He’s right. There’s no school where you learn to be a Preparer. But there are characteristics. It helps to have been a passable racer yourself. And technically wired. “I ride a fair amount as well,” Savola told me, “and I rode more yet when she transitioned from triathlete to road cyclist,” and added, “I have somewhat of an engineering and mechanical background.” Mostly what you need is an extreme attention to detail.
• • Preparers are schooled just enough in aerodynamics and in rolling resistance; they understand tire and wheel choice. They make sure their athletes know precisely what to do if the athlete has a flat or mechanical; they know in advance that the athlete is capable of quickly fixing a flat; and that the athlete has the requisite strength to deal with a flat tire. • •
How much attention did Savola devote to his wife’s bikes? Here’s how he described it, compared to the typical 18 and 19 pound TT bikes ridden at the highest levels over the last 3 Olympic Games: “All 3 of Kristin’s bikes for the Olympics, Rio and Beijing most similar, were right at weight limit. You know it’s hard to get a 15-pound time trial bike. We’re not going to sacrifice aero at all. But Rio had 1400 or 1500 feet of climbing. We drove the course the day before the race, I knew the pitches, looked at them on Best Bike Split a hundred times. We had the right choice on wheels and tires, the Felt DA frame is phenomenal, especially in a yaw. When we drove the course I couldn’t believe the steepness of the climbs, how scary the descents.
"Beijing was more of an open course, the climb wasn’t as pitchy, but a sustained climb for 20-plus minutes, with Kristin in the small chain ring. When I look at the Rio bike, I had it figured out in position, aerodynamics, but how are we going to take weight out? We had a rear disc, 808 up front, but still we got a sub-16-pound bike, without sacrificing strength or performance."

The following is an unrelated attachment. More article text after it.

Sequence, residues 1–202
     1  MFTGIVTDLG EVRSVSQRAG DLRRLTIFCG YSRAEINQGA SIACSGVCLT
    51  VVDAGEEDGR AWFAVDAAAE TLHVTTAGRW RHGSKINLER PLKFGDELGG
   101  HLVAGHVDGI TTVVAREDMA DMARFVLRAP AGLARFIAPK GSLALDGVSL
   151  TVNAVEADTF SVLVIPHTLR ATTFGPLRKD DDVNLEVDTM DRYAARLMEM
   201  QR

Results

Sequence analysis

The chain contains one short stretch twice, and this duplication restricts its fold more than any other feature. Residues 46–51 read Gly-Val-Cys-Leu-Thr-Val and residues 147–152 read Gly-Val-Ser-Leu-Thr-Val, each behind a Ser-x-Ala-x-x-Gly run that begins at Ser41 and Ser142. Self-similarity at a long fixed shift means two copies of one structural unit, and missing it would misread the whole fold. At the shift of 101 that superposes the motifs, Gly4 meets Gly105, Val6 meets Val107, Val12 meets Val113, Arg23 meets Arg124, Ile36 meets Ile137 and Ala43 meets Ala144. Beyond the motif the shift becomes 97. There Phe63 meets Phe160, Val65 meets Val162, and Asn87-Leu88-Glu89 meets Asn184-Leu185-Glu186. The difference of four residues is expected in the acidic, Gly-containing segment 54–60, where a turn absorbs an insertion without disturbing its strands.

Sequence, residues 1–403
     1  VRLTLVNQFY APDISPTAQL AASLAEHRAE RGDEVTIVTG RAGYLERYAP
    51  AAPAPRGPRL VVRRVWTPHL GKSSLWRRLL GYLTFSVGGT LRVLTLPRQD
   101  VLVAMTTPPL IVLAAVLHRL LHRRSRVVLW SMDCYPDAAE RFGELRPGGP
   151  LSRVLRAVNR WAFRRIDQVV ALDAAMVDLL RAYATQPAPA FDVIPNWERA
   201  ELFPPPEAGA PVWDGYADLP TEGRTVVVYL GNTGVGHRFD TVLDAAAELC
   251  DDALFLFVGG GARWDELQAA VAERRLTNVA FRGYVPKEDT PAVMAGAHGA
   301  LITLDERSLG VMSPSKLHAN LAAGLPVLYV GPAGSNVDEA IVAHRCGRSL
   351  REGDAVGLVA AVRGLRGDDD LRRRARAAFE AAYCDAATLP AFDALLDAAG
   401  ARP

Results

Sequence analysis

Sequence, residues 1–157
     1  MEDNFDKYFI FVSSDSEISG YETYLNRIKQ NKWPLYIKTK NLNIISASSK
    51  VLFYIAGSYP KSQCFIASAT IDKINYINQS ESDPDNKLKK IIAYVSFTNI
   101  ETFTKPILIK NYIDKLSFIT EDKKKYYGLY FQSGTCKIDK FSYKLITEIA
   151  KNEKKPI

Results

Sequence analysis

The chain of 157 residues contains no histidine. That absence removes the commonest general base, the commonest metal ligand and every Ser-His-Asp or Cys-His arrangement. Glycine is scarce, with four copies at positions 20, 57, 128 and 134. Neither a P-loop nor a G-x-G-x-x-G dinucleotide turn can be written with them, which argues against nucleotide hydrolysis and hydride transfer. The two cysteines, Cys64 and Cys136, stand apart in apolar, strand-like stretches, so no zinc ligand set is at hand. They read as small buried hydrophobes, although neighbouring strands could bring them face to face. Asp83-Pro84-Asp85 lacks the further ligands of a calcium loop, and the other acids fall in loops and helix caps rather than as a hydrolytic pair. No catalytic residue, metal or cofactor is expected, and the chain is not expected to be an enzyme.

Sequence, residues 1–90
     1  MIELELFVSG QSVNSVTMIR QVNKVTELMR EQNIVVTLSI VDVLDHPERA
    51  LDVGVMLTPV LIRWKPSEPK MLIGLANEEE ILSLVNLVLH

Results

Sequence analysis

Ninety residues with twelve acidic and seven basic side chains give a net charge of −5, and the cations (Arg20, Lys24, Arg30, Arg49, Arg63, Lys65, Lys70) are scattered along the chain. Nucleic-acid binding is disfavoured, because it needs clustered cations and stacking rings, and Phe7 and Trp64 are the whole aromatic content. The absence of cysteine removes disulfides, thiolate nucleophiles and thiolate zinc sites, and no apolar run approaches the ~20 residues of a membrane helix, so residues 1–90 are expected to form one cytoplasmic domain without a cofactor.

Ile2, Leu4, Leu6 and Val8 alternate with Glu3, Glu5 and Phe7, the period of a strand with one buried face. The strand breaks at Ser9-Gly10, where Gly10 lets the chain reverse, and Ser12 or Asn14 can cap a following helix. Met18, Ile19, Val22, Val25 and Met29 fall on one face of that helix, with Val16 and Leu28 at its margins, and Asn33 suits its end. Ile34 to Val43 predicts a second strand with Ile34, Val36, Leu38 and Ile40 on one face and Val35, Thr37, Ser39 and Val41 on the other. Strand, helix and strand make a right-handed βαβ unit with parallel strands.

[Here’s a photo gallery of Savola-finished Felt DA Kristin Armstrong rode in London]
Savola pretty much took everything apart on her bikes, regreased them with very lightweight grease and just the right amount. He took 10 different industry chains apart, tested them all, sent them to Friction Facts, and the 2 fastest chains were on Armstrong’s Rio bikes, after having been put in ultrasonic baths and reassembled.
[Here’s an example of a maker of this very kind of specialty chain.]
Sometimes Savola’s extreme attention to her equipment drove his wife to distraction. “Kristin was not allowed into my bike shop area. ‘Why are you doing that?’ she’d ask. ‘Do you need to do that again?’ Yes. This is my spot. Every little detail.”